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The Gig Economy Is Here

Jim Correll, director Fab Lab ICC at Independence Community College, Independence Kansas 

I’m working to launch a new podcast, the Correll Files. It will be a combination of recordings of selected columns from the last three years and interviews with the successful and diverse entrepreneurs I have the privilege of working with on a day to day basis. One of the checklist items in preparation is to record an introduction and “outroduction” to be included at the beginning and end of each podcast episode. Most podcasters, including me, want the intro and outro to be professionally recorded. In a rural market like ours, it could take a long time to find a voice talent for this. But, at fiverr.com I was able to choose from every conceivable voice style by listening to audio samples of each of dozens of freelancers. Once I found the right one, I sent the script and within 20 minutes had placed my order. For “MVProductions” it’s another “gig.” 

Examples are plentiful, especially in the larger cities. Your needed ride or needed food delivery is a “gig” to the Uber driver that will fulfill that need. Your need for a remodeling or repair is a “gig” to the contractor you find on web sites like Angie’s List or Home Advisor.com. The term “gig” dates back to the 1920’s in the entertainment industry where bands would book an engagement to perform; a gig. 

One of my first columns in this paper in 2016 was entitled “The Contractors Are Coming.” In it, I spoke of the need to recognize that much of the work-force of the future would be independent contractors and freelancers. Now, three years later, although in its infancy, we can say the Gig Economy is here; new contractors have started to come to join the ones we’ve had in the marketplace for years. 

We brand many young people as not wanting to work but many really just don’t want to work at non-meaningful, entry level jobs we want them to accept. We also don’t think many young people are financially literate. This may be true but those that are don’t want to fall into the debt traps of our generation, fearful to give up an unfulfilling job due to too much debt. Many will work hard if doing something they find meaningful. For those, engaging in the gig economy as a freelancer offers both schedule and financial independence.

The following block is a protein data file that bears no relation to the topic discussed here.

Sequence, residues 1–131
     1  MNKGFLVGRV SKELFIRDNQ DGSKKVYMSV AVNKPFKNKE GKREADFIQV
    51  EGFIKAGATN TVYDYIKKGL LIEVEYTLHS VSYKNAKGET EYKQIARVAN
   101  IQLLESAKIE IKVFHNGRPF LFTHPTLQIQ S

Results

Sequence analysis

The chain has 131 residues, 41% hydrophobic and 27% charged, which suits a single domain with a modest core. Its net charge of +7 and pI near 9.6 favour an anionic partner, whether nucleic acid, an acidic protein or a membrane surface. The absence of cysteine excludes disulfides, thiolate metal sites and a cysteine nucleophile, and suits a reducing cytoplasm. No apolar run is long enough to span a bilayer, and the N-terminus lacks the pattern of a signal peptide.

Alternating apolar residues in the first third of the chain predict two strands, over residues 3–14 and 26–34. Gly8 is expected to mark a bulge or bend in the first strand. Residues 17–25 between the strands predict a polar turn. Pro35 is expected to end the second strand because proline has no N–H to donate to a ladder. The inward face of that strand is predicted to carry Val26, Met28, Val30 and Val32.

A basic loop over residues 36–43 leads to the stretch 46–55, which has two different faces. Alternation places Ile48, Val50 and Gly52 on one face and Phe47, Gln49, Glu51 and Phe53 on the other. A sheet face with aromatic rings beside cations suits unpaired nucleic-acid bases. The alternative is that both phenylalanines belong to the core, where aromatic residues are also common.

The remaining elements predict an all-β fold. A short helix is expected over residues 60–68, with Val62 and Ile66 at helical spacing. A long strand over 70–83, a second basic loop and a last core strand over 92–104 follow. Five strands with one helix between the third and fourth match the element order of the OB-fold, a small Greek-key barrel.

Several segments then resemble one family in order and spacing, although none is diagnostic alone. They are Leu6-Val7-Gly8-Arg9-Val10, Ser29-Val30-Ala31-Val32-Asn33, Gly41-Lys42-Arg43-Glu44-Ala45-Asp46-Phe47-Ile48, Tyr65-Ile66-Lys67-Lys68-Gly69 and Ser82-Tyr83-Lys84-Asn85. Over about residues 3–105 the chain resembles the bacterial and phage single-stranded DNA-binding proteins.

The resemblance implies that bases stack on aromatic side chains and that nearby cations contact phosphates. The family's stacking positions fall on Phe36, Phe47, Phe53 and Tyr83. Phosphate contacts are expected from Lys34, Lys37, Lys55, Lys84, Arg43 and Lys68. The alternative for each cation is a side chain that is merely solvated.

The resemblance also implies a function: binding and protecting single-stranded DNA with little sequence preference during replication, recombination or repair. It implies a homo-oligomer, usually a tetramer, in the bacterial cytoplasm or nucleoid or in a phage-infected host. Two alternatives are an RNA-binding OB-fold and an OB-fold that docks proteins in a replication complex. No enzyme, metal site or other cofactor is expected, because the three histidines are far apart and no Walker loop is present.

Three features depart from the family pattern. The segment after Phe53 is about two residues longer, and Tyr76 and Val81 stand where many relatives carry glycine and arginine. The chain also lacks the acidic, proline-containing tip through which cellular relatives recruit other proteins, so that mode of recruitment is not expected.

On the employment side, if we think it’s difficult to find employees now, with unemployment levels at historic lows, just wait until more and more of the work-force get a taste of freelance independence. Employers are going to need to learn to embrace the gig economy and accomplish much of the work they need to do through automation and freelancers. There are advantages. The cost of automation and freelancers is generally much less than full time employees. 

On a small scale, we’re preparing to engage in our own prototype of the gig economy. Soon, when you need certain types of work done, or products to purchase, you’ll find the “Fab Lab Marketplace” at our web site (fablabicc.org) as a resource. The offerings of our member entrepreneurs and freelancers will be listed so potential customers can initiate “gigs” with them. 

What is becoming common in the city is just starting to take shape in our regional rural area. We should all spend some time and effort thinking about how we might take advantage of this new element in our economy and a new opportunity for economic development in our region.  

Jim Correll is the director of Fab Lab ICC at the Center for Innovation and Entrepreneurship on the campus of Independence Community College. He can be reached at (620) 252-5349, by email at jcorrell@indycc.edu or Twitter @jimcorrellks. Archive columns at jimcorrell.com. 


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